The NFL is a young man’s game, and fantasy football is no different.
Each year there is a new crop of talented players that become household names. Correctly identifying these breakout players is vital to winning your league championship.
The majority of elite players are part of a high-octane offense. However, even the weakest NFL teams have players you should consider for your fantasy football team. Knowing these prospects will give you an edge in your fantasy football league.
Each player on this list has yet to finish in the top 10 (standard scoring) at his respective position.
Historical fantasy football data courtesy of Pro-Football-Reference.com.
The Cardinals have one of the weakest offenses in the NFL, but that will not stop Michael Floyd from being a factor as a rookie.
Early camp reports have Floyd fourth on the depth chart behind Andre Roberts and Early Doucet. The first-round pick in 2012 will have no issue passing both players by midseason. Larry Fitzgerald has already taken Floyd under his wing with the hopes that he can be the player to replace the long-departed Anquan Boldin.
With no other significant threats in the passing attack after Fitzgerald, Floyd could finish second on the team in targets.
Honorable Mention: HB Ryan Williams
Julio Jones is one of the best breakout candidates of 2012.
Matt Ryan, Michael Turner, Roddy White and Tony Gonzalez have already established themselves as reliable fantasy options. Jones will outshine them all with his immense potential. The Atlanta Journal-Constitution named Jones the MVP of minicamp with his impressive performance.
The 2011 first-round selection nearly cracked 1,000 receiving yards in just 13 games last year and scored six touchdowns over the final four games of the regular season. According to Pro Football Focus (login required), Jones had the third highest yards after catch per reception among wide receivers.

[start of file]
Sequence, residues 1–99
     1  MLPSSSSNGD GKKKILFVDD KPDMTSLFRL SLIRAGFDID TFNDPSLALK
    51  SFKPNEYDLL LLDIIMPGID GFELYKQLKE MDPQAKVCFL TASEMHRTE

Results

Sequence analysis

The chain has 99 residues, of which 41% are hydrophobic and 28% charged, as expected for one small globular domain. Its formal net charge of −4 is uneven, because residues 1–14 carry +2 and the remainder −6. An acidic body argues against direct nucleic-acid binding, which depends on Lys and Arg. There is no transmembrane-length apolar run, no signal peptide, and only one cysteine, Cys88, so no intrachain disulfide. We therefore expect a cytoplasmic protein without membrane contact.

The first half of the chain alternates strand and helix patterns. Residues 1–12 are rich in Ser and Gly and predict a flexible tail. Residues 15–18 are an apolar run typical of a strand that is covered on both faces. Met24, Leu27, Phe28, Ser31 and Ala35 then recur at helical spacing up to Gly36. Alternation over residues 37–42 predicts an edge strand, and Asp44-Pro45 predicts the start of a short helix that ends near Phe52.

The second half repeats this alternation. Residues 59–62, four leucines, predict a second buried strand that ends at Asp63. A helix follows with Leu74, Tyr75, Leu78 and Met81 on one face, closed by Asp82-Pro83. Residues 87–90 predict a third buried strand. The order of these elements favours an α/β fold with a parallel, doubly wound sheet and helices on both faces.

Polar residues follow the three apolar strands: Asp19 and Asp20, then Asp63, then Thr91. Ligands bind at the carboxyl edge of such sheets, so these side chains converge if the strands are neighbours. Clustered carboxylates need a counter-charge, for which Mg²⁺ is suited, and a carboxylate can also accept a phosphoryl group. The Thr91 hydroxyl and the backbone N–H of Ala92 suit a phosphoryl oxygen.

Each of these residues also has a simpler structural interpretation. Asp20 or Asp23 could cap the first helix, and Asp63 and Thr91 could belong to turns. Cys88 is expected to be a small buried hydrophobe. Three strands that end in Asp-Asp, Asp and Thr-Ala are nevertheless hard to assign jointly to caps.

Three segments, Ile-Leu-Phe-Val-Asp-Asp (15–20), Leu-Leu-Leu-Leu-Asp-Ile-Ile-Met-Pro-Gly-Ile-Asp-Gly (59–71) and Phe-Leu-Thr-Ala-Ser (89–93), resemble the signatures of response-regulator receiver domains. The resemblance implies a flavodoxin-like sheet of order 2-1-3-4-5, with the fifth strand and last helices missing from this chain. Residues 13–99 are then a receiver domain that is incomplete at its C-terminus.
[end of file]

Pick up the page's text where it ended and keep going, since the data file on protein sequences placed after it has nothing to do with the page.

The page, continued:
Roddy White has had a monopoly on Matt Ryan’s targets the past few years. Look for that to change in 2012 with Jones ultimately surpassing White there.
Honorable Mention: HB Jacquizz Rodgers
Torrey Smith emerged as one of the top deep threats in the NFL last season. According to Pro Football Focus (login required), 40 percent of Smith’s targets were over 20 yards or more—including five touchdowns outside the red zone.
While Anquan Boldin reaches the latter part of his playing career, Smith is now ascending to take the role as the Ravens’ top passing option outside of Ray Rice. The Baltimore Sun reports that Smith’s “route running is better and he is getting his hips down and accelerating going in and out of breaks.”
Smith has considerable upside if he develops into more than a deep threat.
Honorable Mention: HB Bernard Pierce
C.J. Spiller finally delivered on some of his promise in 2011—though it came at the expense of Fred Jackson due to Jackson's season-ending injury in Week 11. Spiller averaged 106 combined yards and a touchdown per game over the final six games of the season.
Spiller appears headed for the dreaded running back by committee with Jackson entering the 2012. His impressive finish to last year at least put him in position to compete with Jackson for touches each game. We already know what Spiller can do with a full workload. In a split committee, Spiller can be a weekly flex option in PPR leagues.
Even his quarterback, Ryan Fitzpatrick, believes Spiller is ready for a breakout season.
Honorable Mention: WR David Nelson
Jonathan Stewart headlines this team; however, if it were not for the breakout rookie season from Cam Newton, the sophomore quarterback would clearly be the top option here.
Stewart enters his fifth season in the NFL at age 25 without much mileage on his tires. Splitting time with DeAngelo Williams the last four years has kept him relatively fresh.
Pro Football Focus graded Stewart as the most elusive running back of the last three seasons according to its research. Stewart would be in for a mid-career breakout if he saw the majority of the carries for the Panthers.
Honorable Mention: WR Brandon LaFell
Kellen Davis is one of the biggest beneficiaries of Mike Martz leaving town this offseason. Martz rarely featured the tight end position the last few seasons, which stymied an athletic talent like Davis.